The other huge challenge that we have at La Balaguère, bearing in mind that we send our clients to virtually every country in the world, including some of the poorest, is how to introduce all aspects of responsible tourism to our service providers.
We may have a policy, for example, that we will not use any plastic, or that it must always be recycled, but for a guide in a very poor country, whose main occupation is feeding his wife and his children, what he does with a plastic bottle will be low on his list of priorities. We have to have realistic expectations and do our best to work within them.
As president of ATR, can you tell us about the association’s key achievements so far?
I think that our key achievements so far have been growing the organisation. Every year new tour operators are being awarded the label and I am pleased to say that there are some classic tour operators amongst the new recruits.
If we can persuade tour operators who cater for the mass market to make small changes, then, by the very nature of a mass market, those changes could have a more significant impact than smaller operators having a very wide range of policies.
We have also created an ethical charter for travellers, as well as being a point of reference for professionals and the public who are seeking information and advice on the subject of responsible tourism. We further offer training sessions for professionals who want to obtain the label.
Which travel trends do you observe internationally that might support or hinder a better, more responsible tourism in nature and adventure destinations such as the Pyrenees?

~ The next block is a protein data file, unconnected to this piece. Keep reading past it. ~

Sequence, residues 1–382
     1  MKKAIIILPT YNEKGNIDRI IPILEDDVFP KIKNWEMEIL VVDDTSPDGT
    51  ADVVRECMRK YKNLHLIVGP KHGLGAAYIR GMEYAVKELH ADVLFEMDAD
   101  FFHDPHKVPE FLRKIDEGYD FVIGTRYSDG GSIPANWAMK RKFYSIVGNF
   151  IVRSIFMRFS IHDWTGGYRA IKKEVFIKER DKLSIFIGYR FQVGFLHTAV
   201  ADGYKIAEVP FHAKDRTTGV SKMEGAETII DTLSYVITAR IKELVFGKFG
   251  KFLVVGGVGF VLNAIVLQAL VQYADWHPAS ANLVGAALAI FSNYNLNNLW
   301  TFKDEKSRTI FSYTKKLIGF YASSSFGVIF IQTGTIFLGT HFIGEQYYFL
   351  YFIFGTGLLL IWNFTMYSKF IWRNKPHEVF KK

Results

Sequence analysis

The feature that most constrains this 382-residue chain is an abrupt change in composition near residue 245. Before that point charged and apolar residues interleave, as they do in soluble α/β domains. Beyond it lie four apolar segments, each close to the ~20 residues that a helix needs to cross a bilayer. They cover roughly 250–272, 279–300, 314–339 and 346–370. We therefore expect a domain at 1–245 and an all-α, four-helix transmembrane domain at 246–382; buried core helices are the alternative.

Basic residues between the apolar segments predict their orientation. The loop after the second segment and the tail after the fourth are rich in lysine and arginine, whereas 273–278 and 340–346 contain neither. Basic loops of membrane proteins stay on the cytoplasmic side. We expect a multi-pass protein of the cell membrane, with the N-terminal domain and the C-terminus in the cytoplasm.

I think that a positive trend, certainly as far as mountain destinations such as the Pyrenees are concerned, is the growing interest in active holidays. There is a huge increase in people who want to walk, to explore nature, to escape from the madding crowd and discover new and remote areas.
There is also a significant increase in cycling holidays, and with the development of the electric bike the mountain passes are no longer the sole domain of the super fit. Of course, transporting yourself on foot or by bike is a more sustainable way of taking a holiday.
Reflecting on your experience with La Balagùere and Purely Pyrenees, which advice could you share with mountain destinations around the world facing the consequences of unsustainable tourism (e.g. overcrowding)?
I touched on the fact already that the vast majority of mountain destinations are not at risk of becoming overcrowded by tourism. In fact, tourism is the key to the survival of many communities that are losing their young population to the cities.
The key is making sure that tourism has a direct impact on local communities in a positive way. That local people are involved, are engaged with, and are employed by tour operators. Local businesses must also profit financially from the tourists that arrive in the area.
Your advice to tour operators who want to engage with responsible tourism business practices but don’t know where to start?
To contact the ATR (in France) or with another similar organisiations in their own country. They could also refer to the ATR website and make contact with any of the organisations that already have the label. I am more than happy for people to make contact with me directly if they want further information and advice.
Thank you, Vincent.